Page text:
SQL Server Database is a relational database not a generic storage system. In relational databases the emphasis is returning and manipulating direct relationships. You can store Blobs or anything else in the intersect of the relational attributes but
you cannot manage this as an indexed file system, for example. In the case of SDS it is about moving large amounts of data quickly and efficiently in bulk between locations. Simialr to the indexed file system where we could store random pictures, documents
and other items together under some search criteris SDS uses a simplified attribute structure to move and retrieve this type of information.
In the case of EC2 this works well for an individual program or when I need storage for a specific problem. When managing many processes that are coordinating together coding this in Amazon's API is a more difficult process. ASP, BPO, and SaaS ISV's have
to manage this next layer of difficulty. Distributing the results back to your customer is more than renting a box. Azure attempts to solve some of these issues.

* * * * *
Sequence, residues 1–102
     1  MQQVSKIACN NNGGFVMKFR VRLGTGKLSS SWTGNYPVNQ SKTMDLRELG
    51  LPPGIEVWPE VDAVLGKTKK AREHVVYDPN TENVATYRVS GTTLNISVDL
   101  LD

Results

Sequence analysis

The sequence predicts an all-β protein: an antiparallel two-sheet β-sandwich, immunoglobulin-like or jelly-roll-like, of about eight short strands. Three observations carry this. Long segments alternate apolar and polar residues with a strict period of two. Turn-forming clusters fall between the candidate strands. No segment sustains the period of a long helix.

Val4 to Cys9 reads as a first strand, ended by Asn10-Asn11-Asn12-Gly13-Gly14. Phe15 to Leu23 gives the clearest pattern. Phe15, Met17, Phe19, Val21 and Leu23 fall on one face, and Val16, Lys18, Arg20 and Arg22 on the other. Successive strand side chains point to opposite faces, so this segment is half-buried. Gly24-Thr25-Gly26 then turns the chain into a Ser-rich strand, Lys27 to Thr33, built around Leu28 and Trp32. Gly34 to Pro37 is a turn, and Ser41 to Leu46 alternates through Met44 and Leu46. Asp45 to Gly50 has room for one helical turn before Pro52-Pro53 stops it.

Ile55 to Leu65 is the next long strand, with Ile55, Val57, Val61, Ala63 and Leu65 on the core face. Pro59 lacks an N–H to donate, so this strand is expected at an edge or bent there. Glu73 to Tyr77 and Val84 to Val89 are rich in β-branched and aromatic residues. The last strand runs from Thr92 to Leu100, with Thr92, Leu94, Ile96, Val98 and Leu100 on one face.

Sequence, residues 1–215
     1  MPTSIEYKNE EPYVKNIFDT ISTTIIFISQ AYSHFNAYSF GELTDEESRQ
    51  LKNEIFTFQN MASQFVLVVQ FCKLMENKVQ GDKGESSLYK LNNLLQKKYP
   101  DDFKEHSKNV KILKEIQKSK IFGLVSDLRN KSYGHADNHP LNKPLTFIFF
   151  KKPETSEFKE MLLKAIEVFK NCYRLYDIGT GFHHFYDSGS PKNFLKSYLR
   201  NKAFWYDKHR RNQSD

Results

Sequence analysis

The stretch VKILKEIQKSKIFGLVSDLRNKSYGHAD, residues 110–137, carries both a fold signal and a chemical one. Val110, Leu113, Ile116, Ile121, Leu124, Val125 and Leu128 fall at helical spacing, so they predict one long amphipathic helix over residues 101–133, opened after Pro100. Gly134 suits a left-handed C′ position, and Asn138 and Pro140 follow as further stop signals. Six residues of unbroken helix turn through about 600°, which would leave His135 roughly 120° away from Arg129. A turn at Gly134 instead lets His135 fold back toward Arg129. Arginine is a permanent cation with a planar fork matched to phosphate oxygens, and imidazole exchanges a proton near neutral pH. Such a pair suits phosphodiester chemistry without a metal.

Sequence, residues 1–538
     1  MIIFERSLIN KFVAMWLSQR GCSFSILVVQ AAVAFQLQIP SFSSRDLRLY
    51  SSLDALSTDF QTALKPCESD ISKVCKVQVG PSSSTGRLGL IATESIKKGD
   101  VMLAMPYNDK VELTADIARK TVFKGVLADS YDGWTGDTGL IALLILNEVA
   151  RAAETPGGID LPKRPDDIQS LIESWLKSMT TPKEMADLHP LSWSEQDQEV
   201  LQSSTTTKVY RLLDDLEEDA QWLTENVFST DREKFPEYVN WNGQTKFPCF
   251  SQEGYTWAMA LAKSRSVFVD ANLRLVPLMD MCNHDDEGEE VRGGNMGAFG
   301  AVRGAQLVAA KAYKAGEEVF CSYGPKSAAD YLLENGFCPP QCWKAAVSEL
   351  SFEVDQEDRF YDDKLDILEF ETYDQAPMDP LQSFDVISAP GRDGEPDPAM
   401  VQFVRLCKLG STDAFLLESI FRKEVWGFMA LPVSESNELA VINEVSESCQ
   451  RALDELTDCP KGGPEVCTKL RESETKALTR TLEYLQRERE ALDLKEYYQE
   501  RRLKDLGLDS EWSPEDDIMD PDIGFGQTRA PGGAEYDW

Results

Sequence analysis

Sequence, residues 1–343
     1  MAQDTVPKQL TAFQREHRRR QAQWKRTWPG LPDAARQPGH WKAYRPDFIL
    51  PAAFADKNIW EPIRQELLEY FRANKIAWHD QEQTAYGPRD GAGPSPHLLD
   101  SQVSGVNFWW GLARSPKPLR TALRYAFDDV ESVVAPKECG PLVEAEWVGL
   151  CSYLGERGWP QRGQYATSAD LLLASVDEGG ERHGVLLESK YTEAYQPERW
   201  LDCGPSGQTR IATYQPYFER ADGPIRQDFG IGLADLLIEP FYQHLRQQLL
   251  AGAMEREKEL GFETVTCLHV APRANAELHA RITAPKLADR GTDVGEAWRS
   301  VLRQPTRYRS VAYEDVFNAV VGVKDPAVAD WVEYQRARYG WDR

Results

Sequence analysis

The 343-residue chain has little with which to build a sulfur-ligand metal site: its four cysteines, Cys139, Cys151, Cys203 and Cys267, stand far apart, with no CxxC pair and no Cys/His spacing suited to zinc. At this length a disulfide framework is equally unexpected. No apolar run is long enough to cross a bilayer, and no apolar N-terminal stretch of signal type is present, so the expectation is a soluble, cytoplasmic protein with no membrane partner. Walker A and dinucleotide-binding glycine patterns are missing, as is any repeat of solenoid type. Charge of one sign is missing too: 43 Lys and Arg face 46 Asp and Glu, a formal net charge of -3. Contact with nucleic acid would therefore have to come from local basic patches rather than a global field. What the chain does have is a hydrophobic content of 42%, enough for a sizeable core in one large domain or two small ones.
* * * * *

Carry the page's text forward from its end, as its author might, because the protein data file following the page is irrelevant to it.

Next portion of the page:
That being said the original Azure is targeted to MS data centers to provide services. I do not think that Micorosoft is going to go through another round of anti-competitive lawsuits making that their only option. They could make it more convenient to
use their centers but still enable all the services to other providers. We shall see how this is handled moving forward.
Microsoft has been the expert when it comes to this middle arena between applications and the infrastructure. That is their core capability and one that Azure looks primed to take advantage of. If I were to look into the next couple of years the idea of
writing an interface between Azure and Amazon's hosting services would be right within this "sweet spot".